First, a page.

Implications of Life on Mars

The discovery of unequivocal evidence for life on Mars, or anywhere beyond Earth for that matter, Three larger philosophical questions lie behind the interpretive details of the chemistry, biology, geology, and astronomy. Why did the announcement capture the public imagination so completely? How could such life have once thrived on the red planet, which today is a frozen desert? And why were different scientists able to view the same evidence and come to quite different conclusions? These are major questions, not just about the Mars rock, but about how science works.

The answer to the question — Why did the public react so strongly to the possible discovery of life on another planet? — is that humans have been wondering for several centuries if life on Earth is unique. What is our role in the universe? Could there be other worlds that have environments like Earth and life forms like ours? Is Earth the apex, or pinnacle, of all creation and the "capital of the universe?" Is it a unique cosmic accident or just one of many planets scattered among the galaxies that supports life? These concerns are part of a broad intellectual movement spanning several centuries.

Until the 1500s, most people thought that Earth was the center of the universe, with the Sun, planets, stars, and other bodies moving around it. But then the Polish scientist Nicolaus Copernicus hypothesized that the Sun, not the Earth, is at the center of our planetary system. Within generations, this was proven correct, and humanity learned that the Sun was just one ordinary star among millions of stars. This discovery became known as the Copernican Revolution. Copernicus showed for the first time that humans were not at the center of creation and spurred people to think about their relationship with the universe. Another aspect of this revolution came in the 1800s when the English scientist Charles Darwin and others showed that humans are just one among many species that have evolved on the Earth. In fact, biologists revealed a multi million-year procession of species, with most becoming extinct. The next milestone in the changing worldview that started with the Copernican Revolution came in the 1920s, when astronomers proved that the Sun is not at the center of our gigantic disk-shaped galaxy, but at its outskirts. Moreover, our galaxy is only one of millions of visible galaxies. Once again, these findings displaced human beings from our central role in the universe.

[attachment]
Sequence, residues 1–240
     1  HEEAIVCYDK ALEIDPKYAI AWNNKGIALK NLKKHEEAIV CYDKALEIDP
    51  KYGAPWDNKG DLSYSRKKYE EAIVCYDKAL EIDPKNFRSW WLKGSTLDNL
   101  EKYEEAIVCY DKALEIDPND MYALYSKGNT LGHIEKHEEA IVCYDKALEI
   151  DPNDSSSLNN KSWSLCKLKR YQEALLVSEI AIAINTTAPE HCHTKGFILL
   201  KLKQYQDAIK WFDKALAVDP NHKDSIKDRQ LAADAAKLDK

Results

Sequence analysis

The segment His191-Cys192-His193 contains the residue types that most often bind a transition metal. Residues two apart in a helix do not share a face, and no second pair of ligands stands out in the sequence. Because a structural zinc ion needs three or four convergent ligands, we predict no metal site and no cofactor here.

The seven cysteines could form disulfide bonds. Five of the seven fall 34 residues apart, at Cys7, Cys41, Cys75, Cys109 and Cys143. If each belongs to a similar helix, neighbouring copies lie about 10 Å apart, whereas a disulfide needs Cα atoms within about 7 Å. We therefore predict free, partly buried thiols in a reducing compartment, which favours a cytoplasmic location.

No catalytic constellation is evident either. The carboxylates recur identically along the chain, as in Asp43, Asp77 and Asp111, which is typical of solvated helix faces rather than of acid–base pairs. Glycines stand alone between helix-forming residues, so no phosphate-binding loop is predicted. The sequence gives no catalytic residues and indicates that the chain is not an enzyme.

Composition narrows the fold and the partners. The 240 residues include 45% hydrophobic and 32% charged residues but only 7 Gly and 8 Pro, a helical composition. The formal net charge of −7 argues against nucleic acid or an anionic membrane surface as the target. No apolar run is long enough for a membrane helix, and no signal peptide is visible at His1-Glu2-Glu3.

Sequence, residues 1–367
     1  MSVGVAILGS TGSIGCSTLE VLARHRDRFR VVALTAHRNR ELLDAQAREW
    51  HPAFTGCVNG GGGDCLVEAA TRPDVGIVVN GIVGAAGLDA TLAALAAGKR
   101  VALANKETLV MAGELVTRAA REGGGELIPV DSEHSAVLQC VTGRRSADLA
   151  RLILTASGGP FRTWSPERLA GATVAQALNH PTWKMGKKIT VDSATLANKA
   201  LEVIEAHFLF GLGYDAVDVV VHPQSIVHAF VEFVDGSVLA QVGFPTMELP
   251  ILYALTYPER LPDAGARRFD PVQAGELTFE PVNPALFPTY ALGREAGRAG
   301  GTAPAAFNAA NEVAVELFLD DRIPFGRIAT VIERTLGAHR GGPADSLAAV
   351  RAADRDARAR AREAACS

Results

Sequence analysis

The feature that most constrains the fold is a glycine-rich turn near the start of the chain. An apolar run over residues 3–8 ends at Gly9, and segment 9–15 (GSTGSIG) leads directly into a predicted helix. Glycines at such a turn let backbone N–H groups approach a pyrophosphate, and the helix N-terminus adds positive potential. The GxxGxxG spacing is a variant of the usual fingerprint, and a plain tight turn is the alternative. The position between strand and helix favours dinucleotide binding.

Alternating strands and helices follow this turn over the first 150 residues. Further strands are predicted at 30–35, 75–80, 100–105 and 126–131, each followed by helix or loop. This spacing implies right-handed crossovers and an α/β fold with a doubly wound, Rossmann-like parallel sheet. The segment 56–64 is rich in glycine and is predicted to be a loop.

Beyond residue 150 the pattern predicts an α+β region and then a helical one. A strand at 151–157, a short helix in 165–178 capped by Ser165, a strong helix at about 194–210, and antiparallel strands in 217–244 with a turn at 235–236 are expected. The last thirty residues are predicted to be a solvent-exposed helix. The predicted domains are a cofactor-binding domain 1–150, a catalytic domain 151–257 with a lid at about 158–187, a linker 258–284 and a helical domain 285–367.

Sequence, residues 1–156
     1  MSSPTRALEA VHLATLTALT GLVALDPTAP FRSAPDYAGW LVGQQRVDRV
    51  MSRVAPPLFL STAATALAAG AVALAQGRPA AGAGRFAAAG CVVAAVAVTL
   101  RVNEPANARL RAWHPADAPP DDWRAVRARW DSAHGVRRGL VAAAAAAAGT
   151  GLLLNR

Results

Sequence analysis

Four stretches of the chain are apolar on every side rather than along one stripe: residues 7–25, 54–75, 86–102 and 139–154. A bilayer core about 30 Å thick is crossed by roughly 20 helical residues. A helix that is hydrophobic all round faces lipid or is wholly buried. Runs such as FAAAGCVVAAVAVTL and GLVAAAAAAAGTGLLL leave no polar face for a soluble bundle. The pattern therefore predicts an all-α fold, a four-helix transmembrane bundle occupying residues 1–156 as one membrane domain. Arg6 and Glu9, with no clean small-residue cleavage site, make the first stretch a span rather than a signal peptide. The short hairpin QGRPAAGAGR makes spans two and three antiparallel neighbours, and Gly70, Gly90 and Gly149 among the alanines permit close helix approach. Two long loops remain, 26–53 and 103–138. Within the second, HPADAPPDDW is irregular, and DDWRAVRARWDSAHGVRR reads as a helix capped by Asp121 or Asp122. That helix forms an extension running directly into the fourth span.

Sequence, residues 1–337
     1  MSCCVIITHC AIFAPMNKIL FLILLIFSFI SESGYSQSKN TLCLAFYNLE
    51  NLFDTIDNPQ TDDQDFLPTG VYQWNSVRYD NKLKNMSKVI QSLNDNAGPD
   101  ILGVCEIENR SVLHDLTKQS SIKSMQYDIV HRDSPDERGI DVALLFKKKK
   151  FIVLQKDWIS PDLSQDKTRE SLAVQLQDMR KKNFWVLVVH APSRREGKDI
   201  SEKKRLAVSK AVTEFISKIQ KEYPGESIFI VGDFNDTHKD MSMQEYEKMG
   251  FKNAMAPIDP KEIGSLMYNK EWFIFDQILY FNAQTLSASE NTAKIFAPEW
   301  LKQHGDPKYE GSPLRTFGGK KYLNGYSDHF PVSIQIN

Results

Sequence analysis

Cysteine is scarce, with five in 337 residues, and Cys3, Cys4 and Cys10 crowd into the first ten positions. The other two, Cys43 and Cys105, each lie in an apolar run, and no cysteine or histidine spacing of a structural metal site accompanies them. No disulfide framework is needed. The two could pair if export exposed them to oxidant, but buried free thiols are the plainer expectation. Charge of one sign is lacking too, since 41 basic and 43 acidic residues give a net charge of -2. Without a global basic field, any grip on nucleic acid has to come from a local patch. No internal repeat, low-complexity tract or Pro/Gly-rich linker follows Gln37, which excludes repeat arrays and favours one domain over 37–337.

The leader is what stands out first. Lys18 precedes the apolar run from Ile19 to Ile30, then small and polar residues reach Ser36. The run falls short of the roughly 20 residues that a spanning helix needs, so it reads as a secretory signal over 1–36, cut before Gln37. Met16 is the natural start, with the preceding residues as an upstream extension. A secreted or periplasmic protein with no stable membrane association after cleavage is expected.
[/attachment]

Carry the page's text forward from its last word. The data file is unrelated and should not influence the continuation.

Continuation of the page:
The question of whether life ever existed on Mars can thus be seen as a current chapter of this long adventure of discovering where we fit in the universe. Planets have been found around nearby stars. With perhaps a solar system for every star and so many stars to choose from, the number of potential sites for life is enormous. Is it possible that life on Earth is just one of many cases of life scattered through the universe like flowers in a meadow? Or is life so complex and unlikely that it has originated just once in the universe? It's a big question, and we don't yet know the answer. However, after centuries of speculation, we may be on the verge of a breakthrough.

The question — How could life have appeared on Mars? — contains the essence of a larger theme. We are really asking whether the rules that govern our terrestrial experience also apply across vast reaches of space. What are the planets and stars really like? Where do elements come from? How is matter organized? How does it interact with radiation? How do carbon atoms combine with other atoms to create complicated molecules that can reproduce themselves? Do these processes happen on other planets? Answering these questions requires some basic concepts of physics and chemistry. It turns out that a remarkably small set of physical rules governs the behavior of everything in the universe.

The question — How do we know that the results of science are correct? — leads to a broad theme. How do we "know" something? Humans have come to believe that there are physical explanations for the diverse phenomena of the natural world. For example, we know that solar eclipses are caused when the Moon passes in front of the Sun. We have rejected the notion that eclipses express the displeasure of Sun gods, as some ancient cultures believed. If we encounter a phenomenon we do not understand, we can study it by a logical, systematic method. This method has yielded physical ideas that describe everything from the reactions going on at the center of a star to the conditions just after the creation of the universe.


Copyright © 2000-2008 Authors/Editors Chris Impey & Erika Offerdahl
Do not reproduce without permission from Chris Impey.